On art, or ‘patches for the heart’ on display in Edgewood

This weekend an open house was held in the Edgewood Courthouse for the one-year anniversary of the Justice Art League. Any artist from the Estancia Valley can hang their art for free in Edgewood. The artist may put a card next to the painting with the name and phone number for the public to contact if they wish to buy a work. There is no fee to hang or to sell. The buyers must contact the artist outside of the building. The courthouse is not in business like Walmart.

The hours of the court are 8 a.m. to 4 p.m., Monday through Friday. You may come and see the wonderful talented folks from our valley any day. And this weekend, students from both Moriarty and Edgewood Middle schools were spotlighted with their art on two walls in the front entrance. Why spend money and fly to France where they probably wouldn’t appreciate our cowboy boots and ranch hands? We have it going on right here. Did I mention it’s free?

Why do we bother with art is the next question? In ancient times, 20,000 years ago, ancient humans marked the caves of Lascaux, France with their hands and drew stick figures of their food kills.

From that rough canvas to today, humans have been addicted to making art. What if you didn’t have a cave? The next step was carrying your art with you in the form of tattoos. Tattoos are not new; folks have been doing body art from the beginning of time. I can’t imagine how it is done. I am always impressed with the new color tattoos. I give myself a shot of insulin each night and consider myself brave. (I am not.) But I can’t imagine sitting and getting stuck for a whole picture. (I am a coward.) Back to art….

Mr. Kevin O’Grady is the middle school art teacher for Moriarty and Edgewood. He and he alone put up the display that shows off his students’ talents. He is a great motivator of young minds, and we are very fortunate to have such a devoted educator.

I taught art at the end of my career, and I am sold on the value it has for young minds. Skills like developing a thought and figuring out how to express it are a beginning. You must ask what you want to convey: How will I come up with a design that will show others what I see? The mind is first and hands are second. How to present art is hard work. Do you choose the medium that is easy, or do you challenge your new abilities? Should I use pencils, watercolor, or acrylics? Once chosen, am I good enough with my chosen medium to express my thoughts? It takes a multitude of tasks to come up with art and loads of practice. Otherwise everyone who doodles would hang in the Louvre. (Oh, France again.) I encourage you all to come and see how middle school students, as well as local adults have reached victory in this endeavor. Our courthouse is alive with color, line and design. It is waiting for you to go, “Oooh, Ahhhhh, this is our gallery.”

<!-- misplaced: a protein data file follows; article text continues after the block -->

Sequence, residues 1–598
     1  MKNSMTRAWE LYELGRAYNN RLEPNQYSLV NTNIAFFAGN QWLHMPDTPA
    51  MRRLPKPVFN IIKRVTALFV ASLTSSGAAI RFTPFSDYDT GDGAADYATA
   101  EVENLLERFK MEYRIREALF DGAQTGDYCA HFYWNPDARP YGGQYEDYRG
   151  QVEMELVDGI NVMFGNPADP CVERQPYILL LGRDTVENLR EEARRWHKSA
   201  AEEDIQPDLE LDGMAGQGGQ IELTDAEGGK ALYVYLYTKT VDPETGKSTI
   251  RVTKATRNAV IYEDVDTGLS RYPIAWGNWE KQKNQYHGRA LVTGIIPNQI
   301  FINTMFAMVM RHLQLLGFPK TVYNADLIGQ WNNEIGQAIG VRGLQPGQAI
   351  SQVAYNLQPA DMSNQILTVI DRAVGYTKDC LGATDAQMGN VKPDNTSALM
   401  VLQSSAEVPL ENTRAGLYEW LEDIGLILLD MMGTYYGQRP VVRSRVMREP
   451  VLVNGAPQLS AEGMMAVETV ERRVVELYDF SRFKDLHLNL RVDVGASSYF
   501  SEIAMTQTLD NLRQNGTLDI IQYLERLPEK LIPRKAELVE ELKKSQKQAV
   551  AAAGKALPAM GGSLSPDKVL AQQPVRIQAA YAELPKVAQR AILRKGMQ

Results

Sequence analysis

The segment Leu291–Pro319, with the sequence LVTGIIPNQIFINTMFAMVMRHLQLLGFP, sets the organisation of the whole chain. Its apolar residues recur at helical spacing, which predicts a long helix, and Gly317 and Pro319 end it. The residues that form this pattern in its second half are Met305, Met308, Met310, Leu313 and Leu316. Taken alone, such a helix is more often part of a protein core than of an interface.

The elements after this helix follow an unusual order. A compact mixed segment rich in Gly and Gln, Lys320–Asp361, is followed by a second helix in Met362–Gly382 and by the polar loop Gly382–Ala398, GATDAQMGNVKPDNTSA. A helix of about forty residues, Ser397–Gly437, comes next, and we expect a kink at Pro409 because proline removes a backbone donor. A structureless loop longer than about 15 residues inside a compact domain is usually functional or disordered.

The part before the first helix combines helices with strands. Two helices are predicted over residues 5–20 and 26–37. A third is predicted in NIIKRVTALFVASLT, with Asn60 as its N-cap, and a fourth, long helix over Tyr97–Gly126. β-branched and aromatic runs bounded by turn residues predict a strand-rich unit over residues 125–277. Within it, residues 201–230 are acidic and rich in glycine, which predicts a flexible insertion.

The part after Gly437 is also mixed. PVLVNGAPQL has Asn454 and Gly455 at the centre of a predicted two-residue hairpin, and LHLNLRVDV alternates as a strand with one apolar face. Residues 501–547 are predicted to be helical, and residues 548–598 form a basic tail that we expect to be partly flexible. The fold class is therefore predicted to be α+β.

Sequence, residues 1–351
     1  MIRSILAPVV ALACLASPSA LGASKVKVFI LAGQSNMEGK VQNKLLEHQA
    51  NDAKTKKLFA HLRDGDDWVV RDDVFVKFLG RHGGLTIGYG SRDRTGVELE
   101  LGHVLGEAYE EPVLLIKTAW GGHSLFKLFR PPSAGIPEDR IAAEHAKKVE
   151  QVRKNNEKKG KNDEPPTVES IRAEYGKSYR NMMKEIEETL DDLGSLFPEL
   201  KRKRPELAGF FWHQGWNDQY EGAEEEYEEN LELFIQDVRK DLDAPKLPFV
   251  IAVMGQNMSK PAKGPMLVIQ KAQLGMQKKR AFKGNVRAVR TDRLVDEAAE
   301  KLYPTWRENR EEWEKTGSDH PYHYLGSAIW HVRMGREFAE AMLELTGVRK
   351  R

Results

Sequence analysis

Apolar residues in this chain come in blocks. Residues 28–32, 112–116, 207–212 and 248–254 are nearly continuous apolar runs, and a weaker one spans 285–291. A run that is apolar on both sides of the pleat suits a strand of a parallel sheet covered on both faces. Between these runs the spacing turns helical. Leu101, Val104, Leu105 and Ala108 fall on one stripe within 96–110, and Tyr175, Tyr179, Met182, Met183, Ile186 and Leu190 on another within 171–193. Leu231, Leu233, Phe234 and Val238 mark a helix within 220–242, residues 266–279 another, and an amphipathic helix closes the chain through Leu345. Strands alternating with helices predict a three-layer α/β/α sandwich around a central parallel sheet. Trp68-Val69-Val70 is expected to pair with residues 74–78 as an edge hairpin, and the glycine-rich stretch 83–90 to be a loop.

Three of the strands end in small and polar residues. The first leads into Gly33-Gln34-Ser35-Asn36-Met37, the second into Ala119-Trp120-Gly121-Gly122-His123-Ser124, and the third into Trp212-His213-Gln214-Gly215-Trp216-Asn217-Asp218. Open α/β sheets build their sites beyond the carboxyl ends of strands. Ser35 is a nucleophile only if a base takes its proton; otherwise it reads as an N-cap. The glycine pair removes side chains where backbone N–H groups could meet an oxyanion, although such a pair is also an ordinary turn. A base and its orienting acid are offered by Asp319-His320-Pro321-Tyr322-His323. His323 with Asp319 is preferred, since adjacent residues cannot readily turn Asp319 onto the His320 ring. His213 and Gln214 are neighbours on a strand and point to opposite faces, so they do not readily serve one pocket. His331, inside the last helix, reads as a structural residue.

The Route 66 Arts Alliance is also the group to cheer for as they hang gorgeous art at The Independent, our own newspaper, and the town of Edgewood offices next to our library. I remember when T-shirts were white and mugs at Denny’s only held coffee. Art is everywhere. We can see it on our clothes, our coffee mugs, pennants along our roads and some of the best is hung on display all over town. If you are having a rough day, the dog ate your homework, a pothole ate your tire? Get a patch for your heart and go see the art doctor at the Edgewood Courthouse. It’s next to First Choice. Roaring Mouse, painting my toenails. Out.

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